Sri Lankan Army launched fresh offensive against the LTTE to "liberate" people from the areas still held by the rebels in the northern region after a 48-hour deadline set by the Government ended raising concerns over the fate of tens of thousands of hapless civilians caught in the crossfire.
In fresh attacks against the beleaguered Tamil Tigers, troops captured two "Black Tiger" camps in Visuamadu area in Mullaitivu district and killed 12 LTTE cadres.
The troops also recovered a large cache of weapons, including mortar launchers, rifles, rocket propelled grenades, light machine guns, grenades, mines, bombs and detonators from the two camps used by "Black Tigers", suicide wing of LTTE.
The Media Center for National Security said a gathering point of LTTE located northwards of Mullaitivu lagoon was pounded by Air Force fighter jets this evening.
"The air stike was launched to support the Army troops of the 59 division in combat. Air force sources confirm that the air strike hit the targets accurately," the MCNS said.
The fresh offensive came hours after the LTTE failed to honour a 48-hour deadline set by President Mahinda Rajapakse to the rebels to surrender and allow free movement of civilians trapped in conflict areas.
"The Government would continue to adhere to the zero civilian casualty policy while enagaing on its all out effort to eradicate the terrorists (LTTE)," the Defence Ministry said in a statement on its website.
Meanwhile, international aid agencies and UNICEF expressed concern over the safety of more than 250,000 civilians caught in the crossfire between the Army and the LTTE. UNICEF said an increasing number of children, some just months-old, had been injured in the fighting in Sri Lanka in the past 10 days.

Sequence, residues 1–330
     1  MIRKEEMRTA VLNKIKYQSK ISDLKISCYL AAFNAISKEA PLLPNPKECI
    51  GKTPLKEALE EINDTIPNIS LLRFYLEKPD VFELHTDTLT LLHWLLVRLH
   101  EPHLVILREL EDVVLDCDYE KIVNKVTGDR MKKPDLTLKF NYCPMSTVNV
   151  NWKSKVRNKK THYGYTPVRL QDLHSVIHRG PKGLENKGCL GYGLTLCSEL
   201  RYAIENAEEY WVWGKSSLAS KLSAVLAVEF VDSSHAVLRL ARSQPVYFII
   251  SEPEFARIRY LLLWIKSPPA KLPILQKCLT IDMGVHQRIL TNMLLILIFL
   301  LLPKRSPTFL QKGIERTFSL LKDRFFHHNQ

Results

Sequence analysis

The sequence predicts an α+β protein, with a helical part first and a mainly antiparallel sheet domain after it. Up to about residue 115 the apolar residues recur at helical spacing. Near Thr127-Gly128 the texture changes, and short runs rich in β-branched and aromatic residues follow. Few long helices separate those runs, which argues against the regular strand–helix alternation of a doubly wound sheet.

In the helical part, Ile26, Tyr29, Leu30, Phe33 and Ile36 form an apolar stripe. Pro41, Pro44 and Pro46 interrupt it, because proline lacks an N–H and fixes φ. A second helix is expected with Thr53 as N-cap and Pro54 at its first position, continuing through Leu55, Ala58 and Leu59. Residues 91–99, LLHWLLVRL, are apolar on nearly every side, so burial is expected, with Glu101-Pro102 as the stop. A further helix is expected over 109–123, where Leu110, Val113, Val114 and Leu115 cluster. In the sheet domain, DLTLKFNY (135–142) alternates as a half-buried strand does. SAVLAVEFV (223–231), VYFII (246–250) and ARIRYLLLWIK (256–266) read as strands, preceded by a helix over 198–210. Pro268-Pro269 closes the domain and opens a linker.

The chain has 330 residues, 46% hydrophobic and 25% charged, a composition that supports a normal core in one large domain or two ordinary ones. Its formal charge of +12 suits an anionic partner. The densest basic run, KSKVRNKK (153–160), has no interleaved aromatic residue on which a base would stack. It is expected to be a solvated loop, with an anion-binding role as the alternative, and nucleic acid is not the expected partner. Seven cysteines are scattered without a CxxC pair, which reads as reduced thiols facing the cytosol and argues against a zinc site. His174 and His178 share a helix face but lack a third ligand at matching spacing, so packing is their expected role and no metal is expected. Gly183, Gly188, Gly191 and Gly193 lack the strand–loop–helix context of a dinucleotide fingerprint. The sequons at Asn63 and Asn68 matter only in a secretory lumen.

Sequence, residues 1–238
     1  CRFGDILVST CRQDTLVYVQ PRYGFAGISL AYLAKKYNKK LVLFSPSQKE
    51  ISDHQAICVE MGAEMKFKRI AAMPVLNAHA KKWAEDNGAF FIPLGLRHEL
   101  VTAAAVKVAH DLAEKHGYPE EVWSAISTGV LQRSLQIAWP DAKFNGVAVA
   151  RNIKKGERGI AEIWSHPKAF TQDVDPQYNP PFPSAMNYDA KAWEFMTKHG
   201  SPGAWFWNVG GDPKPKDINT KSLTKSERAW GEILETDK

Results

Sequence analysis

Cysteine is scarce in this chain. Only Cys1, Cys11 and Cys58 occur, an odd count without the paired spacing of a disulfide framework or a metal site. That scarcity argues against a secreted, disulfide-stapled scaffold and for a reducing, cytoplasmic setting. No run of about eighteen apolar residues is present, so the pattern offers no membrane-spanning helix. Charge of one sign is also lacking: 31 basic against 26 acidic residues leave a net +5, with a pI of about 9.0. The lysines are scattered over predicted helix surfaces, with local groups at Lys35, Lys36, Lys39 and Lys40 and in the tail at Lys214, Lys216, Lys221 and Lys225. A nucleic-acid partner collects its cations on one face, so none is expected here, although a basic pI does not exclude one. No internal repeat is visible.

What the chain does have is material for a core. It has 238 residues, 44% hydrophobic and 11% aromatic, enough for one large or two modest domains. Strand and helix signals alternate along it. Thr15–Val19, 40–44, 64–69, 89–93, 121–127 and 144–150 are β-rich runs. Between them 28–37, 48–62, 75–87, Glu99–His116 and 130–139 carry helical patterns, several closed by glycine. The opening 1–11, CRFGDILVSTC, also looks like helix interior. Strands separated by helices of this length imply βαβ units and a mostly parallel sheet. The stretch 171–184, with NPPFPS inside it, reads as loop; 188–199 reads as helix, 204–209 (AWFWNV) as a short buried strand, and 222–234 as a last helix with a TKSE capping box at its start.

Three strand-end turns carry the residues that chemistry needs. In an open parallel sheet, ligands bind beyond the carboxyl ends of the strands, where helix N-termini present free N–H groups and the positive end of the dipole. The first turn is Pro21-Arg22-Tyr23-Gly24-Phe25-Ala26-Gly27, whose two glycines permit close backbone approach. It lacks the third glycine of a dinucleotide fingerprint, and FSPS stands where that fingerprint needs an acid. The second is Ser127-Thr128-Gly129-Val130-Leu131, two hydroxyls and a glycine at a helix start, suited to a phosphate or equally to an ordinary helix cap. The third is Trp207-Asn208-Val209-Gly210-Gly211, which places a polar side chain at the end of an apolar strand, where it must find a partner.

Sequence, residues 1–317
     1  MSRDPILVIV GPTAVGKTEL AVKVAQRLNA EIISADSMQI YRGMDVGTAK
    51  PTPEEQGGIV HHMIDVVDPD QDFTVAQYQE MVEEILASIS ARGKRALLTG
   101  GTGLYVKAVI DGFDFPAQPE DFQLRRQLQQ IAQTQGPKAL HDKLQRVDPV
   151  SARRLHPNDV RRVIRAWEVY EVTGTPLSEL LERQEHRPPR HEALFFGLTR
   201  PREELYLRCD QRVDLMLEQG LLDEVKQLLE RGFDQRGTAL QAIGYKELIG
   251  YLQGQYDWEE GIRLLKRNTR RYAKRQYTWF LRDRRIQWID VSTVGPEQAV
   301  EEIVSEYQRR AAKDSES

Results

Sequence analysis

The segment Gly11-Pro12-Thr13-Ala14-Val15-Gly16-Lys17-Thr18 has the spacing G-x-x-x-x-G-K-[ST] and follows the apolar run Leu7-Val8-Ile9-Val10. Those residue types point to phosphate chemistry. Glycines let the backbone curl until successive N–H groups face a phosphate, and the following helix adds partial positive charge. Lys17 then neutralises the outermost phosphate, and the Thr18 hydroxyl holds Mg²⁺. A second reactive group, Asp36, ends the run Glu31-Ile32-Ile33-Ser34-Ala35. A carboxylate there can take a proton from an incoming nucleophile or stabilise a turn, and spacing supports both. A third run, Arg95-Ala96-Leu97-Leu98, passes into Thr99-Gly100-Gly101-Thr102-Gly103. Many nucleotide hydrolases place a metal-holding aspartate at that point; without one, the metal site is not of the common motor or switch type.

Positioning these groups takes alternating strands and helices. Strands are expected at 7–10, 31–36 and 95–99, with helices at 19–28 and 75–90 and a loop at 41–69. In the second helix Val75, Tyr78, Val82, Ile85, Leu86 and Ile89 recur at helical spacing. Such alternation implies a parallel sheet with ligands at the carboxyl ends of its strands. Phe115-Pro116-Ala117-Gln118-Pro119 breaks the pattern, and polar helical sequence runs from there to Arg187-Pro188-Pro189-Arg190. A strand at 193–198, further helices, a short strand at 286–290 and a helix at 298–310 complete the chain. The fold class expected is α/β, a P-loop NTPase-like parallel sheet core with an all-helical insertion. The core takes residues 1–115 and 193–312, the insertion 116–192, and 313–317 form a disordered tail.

"We have clear evidence that children are being caught in the crossfire, and that children are being injured and killed," UNICEF's South Asia director Daniel Toole said.
"Children are bearing the brunt of the conflict which is not theirs. We are gravely concerned for the tens of thousands of children who are trapped in a fast shrinking area of intense conflict," he said in a statement, adding that the best way for them is to move to safe areas.
Meanwhile, Defence Secretary Gotabaya Rajapakse entered into a diplomatic tiff with envoys, foreign media and aid agencies warning that they would be "chased away" from the island if they attempt to side with the LTTE.
"They will be chased away (if they try) to give a second wind to the LTTE terrorists at a time the security forces, at heavy cost, are dealing them the final death blow," Rajapakse, brother of President Mahinda Rajapakse, said.
His remarks came as the aid agencies and western media accused the Government of not doing enough to rescue civilians trapped in the fighting between the Army and LTTE.
In one of the camp captured, troops found a bungalow complete with roads and nine A5 weapons to fire "gas" were recovered.
"Two storeys built underground consisting of three rooms were found with equipped with beds, refrigerators, modern bathrooms, toilets, noiseless electric generator, accessories and cupboard," the MCNS said.
However, the pro-LTTE website Tamilnet.Com reported that the Tamil Tigers' lauched a pre-emptive strike on Sri Lankan Army offensive units that were prepared for an "all out assault" on Puthukkudyiruppu. The Army suffered heavy casualties, it said. Aid agencies say that more than 250,000 hapless civilians are trapped in the war between the Sri Lankan Army and LTTE, but the government contradicts the figure and says there are only around 1.2 lakh people in the conflict zones.
The Government accuses the LTTE of holding people as "human shields", but the rebels say they are not holding any one forcibly.
Meanwhile, the MCNS said a naval patrol craft rescued 43 Tamil civilians who were fleeing from the clutches of LTTE last night.
However, TamilNet.Com reported that only 26 civilians crossed through Oamanthai into Sri Lankan Government-controlled areas in the last 48 hours.